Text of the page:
The mechanism of an air handling unit (AHU) involves several components and processes working together to condition and distribute air within a building. Here is a general overview of how an AHU operates:
Air intake: The AHU draws in outside air or recirculates indoor air through an intake section. This section typically includes filters to remove dust, pollen, and other particles from the incoming air.
Mixing chamber: In the mixing chamber, the incoming air from the intake section is mixed with the recirculated air to achieve the desired air temperature and quality. Dampers may be used to control the proportions of fresh and recirculated air.
Conditioning components: a. Heating: If heating is required, the AHU can have heating elements, such as electric heaters, hot water coils, or steam coils. The air passes over these heating elements, which raise its temperature. b. Cooling: If cooling is needed, the AHU contains cooling coils connected to a chiller or refrigeration system. The air passes over these coils, which remove heat from the air, lowering its temperature. c. Humidification/dehumidification: To control the humidity level, the AHU may include humidifiers to add moisture or dehumidifiers to remove moisture from the air.
Fan and air distribution: The conditioned air is then forced through a fan or blower, which increases its velocity. The fan helps to overcome resistance in the ductwork and ensures proper air circulation. The pressurized air is then distributed through a network of ducts to various areas or zones within the building.
Control and monitoring: AHUs have control systems that regulate various parameters such as temperature, humidity, and air flow. Sensors throughout the unit monitor these conditions, and the control system adjusts the operation of heating, cooling, and humidification/dehumidification components to maintain the desired settings.
Exhaust and return: The AHU may have exhaust sections to remove stale air from the building. Additionally, it may have return sections that collect air from different zones and return it to the AHU for conditioning and recirculation.
Throughout this process, the AHU continuously cycles and conditions the air to maintain a comfortable and healthy indoor environment. The specific mechanisms and configurations of AHUs can vary depending on the size, purpose, and complexity of the HVAC system in a given building.
Air handling units (AHUs) offer several advantages in HVAC systems and building environments. Some of the key advantages of using AHUs are:
Improved Indoor Air Quality (IAQ): AHUs include air filters that help remove dust, pollen, allergens, and other airborne particles from the incoming air. This filtration process significantly improves the IAQ by reducing pollutants and promoting cleaner and healthier air within the building.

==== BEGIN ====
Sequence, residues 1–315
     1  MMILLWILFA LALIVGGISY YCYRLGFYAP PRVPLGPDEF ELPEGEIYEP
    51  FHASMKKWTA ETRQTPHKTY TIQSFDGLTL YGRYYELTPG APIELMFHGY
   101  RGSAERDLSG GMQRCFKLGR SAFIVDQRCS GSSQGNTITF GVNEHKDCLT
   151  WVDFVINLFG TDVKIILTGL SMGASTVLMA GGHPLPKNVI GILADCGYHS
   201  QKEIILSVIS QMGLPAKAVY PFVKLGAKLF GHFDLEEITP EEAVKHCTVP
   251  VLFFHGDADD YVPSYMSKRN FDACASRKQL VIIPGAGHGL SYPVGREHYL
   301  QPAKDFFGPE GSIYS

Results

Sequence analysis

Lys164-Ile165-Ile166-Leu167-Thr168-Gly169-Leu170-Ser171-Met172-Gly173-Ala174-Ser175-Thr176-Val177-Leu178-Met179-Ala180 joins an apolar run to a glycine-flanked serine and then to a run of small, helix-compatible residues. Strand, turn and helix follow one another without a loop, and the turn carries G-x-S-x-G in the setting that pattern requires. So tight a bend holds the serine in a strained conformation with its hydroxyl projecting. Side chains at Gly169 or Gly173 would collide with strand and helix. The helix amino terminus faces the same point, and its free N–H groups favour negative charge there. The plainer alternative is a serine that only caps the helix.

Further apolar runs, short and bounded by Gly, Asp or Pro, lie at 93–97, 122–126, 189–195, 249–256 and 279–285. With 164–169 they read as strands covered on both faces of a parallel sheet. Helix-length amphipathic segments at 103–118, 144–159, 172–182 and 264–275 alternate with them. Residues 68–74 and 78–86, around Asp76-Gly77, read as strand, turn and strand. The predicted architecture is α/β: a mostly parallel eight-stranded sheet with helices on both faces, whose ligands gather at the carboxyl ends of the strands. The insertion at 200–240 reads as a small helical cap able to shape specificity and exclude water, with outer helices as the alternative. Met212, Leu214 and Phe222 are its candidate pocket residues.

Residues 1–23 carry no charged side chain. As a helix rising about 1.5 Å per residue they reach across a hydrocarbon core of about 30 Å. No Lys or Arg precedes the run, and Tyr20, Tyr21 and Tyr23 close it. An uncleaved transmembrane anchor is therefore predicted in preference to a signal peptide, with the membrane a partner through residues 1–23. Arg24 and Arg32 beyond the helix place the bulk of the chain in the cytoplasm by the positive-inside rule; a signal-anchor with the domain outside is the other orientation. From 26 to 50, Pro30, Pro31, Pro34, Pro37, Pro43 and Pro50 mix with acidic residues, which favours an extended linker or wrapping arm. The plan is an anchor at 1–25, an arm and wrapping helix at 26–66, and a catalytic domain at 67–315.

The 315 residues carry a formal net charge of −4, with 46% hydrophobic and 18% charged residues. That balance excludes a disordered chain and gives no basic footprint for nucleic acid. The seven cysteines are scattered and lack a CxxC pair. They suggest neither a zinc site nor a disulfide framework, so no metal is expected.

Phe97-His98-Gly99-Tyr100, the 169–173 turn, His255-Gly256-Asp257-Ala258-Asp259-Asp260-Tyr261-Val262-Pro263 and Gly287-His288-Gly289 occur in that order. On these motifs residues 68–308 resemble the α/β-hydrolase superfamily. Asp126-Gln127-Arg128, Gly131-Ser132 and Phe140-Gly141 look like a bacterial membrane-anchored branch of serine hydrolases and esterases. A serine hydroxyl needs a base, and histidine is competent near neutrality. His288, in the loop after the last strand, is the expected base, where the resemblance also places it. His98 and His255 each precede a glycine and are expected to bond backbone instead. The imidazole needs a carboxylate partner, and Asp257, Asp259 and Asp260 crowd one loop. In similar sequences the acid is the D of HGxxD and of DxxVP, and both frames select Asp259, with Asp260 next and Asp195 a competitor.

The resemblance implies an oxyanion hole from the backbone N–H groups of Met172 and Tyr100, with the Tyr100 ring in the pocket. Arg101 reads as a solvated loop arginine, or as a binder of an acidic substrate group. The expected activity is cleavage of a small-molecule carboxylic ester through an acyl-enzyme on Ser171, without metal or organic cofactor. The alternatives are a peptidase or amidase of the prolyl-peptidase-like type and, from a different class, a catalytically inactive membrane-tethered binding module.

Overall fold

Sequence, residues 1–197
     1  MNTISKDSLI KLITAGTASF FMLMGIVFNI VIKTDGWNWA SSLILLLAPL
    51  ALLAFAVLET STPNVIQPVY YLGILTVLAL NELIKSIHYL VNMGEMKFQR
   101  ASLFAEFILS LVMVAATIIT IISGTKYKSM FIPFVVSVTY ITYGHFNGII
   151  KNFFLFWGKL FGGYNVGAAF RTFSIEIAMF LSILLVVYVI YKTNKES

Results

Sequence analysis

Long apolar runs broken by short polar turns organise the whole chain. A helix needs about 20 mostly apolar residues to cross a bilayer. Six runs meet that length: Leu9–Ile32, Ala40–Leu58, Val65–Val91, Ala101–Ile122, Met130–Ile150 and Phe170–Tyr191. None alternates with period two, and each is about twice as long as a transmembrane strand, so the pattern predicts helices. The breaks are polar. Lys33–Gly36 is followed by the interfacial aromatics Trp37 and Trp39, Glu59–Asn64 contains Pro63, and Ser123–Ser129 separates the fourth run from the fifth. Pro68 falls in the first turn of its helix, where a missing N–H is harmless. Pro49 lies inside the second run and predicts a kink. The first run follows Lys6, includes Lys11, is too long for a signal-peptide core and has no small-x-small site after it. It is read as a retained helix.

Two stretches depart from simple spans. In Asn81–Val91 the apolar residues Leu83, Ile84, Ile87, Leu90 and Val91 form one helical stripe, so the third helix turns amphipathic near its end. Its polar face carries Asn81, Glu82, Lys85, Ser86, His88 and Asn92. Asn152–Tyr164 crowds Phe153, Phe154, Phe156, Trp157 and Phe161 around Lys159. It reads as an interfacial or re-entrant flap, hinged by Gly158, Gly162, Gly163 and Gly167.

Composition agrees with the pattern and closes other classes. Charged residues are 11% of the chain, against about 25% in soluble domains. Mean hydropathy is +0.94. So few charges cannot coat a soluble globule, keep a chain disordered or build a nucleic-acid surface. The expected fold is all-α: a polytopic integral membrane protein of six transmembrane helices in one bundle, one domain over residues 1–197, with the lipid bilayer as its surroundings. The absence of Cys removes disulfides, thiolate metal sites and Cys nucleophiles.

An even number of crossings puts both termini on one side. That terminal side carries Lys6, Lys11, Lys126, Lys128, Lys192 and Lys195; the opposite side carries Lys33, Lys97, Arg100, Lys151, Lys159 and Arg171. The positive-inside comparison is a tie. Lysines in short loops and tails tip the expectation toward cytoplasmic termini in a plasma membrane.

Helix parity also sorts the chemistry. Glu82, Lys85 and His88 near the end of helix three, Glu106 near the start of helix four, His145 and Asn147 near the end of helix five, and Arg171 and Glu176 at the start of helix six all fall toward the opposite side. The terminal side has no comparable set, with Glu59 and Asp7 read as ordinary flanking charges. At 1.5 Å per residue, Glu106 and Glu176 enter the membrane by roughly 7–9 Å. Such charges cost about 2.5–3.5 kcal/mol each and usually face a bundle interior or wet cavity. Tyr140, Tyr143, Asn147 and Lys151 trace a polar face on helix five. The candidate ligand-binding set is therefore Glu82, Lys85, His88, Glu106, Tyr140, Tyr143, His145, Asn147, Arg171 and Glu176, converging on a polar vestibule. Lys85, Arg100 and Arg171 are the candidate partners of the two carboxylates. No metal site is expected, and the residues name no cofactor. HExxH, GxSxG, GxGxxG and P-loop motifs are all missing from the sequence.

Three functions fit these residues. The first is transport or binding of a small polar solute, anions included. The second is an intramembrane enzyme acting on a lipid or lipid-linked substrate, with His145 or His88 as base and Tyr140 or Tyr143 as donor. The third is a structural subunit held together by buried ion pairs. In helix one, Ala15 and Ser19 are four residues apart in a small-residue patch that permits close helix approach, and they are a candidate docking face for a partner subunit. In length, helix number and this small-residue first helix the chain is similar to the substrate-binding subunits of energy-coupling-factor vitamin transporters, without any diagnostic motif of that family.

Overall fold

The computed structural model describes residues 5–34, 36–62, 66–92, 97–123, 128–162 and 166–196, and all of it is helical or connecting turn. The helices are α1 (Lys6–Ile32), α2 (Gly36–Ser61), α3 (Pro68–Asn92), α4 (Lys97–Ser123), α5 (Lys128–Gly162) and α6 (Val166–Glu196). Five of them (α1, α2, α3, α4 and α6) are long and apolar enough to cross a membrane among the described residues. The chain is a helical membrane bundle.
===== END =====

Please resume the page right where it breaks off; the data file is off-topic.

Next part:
Temperature and Humidity Control: AHUs can be equipped with heating and cooling components, such as coils or heat exchangers, which allow precise control over the temperature of the supplied air. They also incorporate humidification and dehumidification systems, enabling optimal humidity levels to be maintained. This ensures comfort for occupants and helps prevent issues like mold growth and discomfort associated with excessively dry or humid conditions.
Energy Efficiency: AHUs are designed to be energy efficient. They often incorporate energy recovery systems, such as heat exchangers, which transfer heat or coolness between the incoming and outgoing air streams. This helps to minimize energy consumption by pre-cooling or pre-heating the incoming air, thereby reducing the load on the heating and cooling components.
Flexibility and Zoning: AHUs can be designed to accommodate zoning within a building. Zoning allows different areas or zones to have separate temperature and airflow control, based on specific requirements. This flexibility helps optimize comfort levels in different zones and allows for energy savings by adjusting conditioning only where needed.
Air Distribution: AHUs include fans or blowers that facilitate proper air distribution throughout the building. They ensure that conditioned air reaches each area or zone effectively, maintaining uniform temperatures and air circulation. This helps eliminate hot and cold spots, ensuring consistent comfort levels.